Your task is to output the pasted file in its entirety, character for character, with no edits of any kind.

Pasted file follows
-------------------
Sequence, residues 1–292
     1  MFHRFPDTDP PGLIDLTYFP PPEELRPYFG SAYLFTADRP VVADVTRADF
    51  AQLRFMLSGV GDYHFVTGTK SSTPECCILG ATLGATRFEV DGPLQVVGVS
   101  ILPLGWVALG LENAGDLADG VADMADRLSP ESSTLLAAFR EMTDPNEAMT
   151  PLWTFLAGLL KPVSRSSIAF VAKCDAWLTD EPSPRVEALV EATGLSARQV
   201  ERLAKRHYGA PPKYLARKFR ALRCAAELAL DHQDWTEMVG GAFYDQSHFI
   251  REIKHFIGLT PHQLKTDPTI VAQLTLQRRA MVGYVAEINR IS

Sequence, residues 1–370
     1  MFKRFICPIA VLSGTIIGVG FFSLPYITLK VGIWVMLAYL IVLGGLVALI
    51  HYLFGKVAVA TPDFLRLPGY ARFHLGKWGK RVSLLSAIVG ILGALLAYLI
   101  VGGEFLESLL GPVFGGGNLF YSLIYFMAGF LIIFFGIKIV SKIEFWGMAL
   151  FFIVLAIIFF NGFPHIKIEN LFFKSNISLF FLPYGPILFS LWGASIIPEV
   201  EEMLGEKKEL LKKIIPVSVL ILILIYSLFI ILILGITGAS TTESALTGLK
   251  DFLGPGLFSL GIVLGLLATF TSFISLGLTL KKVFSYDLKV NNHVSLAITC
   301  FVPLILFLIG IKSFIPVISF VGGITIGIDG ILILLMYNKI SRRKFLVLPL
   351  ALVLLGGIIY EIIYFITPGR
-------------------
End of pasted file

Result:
Sequence, residues 1–292
     1  MFHRFPDTDP PGLIDLTYFP PPEELRPYFG SAYLFTADRP VVADVTRADF
    51  AQLRFMLSGV GDYHFVTGTK SSTPECCILG ATLGATRFEV DGPLQVVGVS
   101  ILPLGWVALG LENAGDLADG VADMADRLSP ESSTLLAAFR EMTDPNEAMT
   151  PLWTFLAGLL KPVSRSSIAF VAKCDAWLTD EPSPRVEALV EATGLSARQV
   201  ERLAKRHYGA PPKYLARKFR ALRCAAELAL DHQDWTEMVG GAFYDQSHFI
   251  REIKHFIGLT PHQLKTDPTI VAQLTLQRRA MVGYVAEINR IS

Sequence, residues 1–370
     1  MFKRFICPIA VLSGTIIGVG FFSLPYITLK VGIWVMLAYL IVLGGLVALI
    51  HYLFGKVAVA TPDFLRLPGY ARFHLGKWGK RVSLLSAIVG ILGALLAYLI
   101  VGGEFLESLL GPVFGGGNLF YSLIYFMAGF LIIFFGIKIV SKIEFWGMAL
   151  FFIVLAIIFF NGFPHIKIEN LFFKSNISLF FLPYGPILFS LWGASIIPEV
   201  EEMLGEKKEL LKKIIPVSVL ILILIYSLFI ILILGITGAS TTESALTGLK
   251  DFLGPGLFSL GIVLGLLATF TSFISLGLTL KKVFSYDLKV NNHVSLAITC
   301  FVPLILFLIG IKSFIPVISF VGGITIGIDG ILILLMYNKI SRRKFLVLPL
   351  ALVLLGGIIY EIIYFITPGR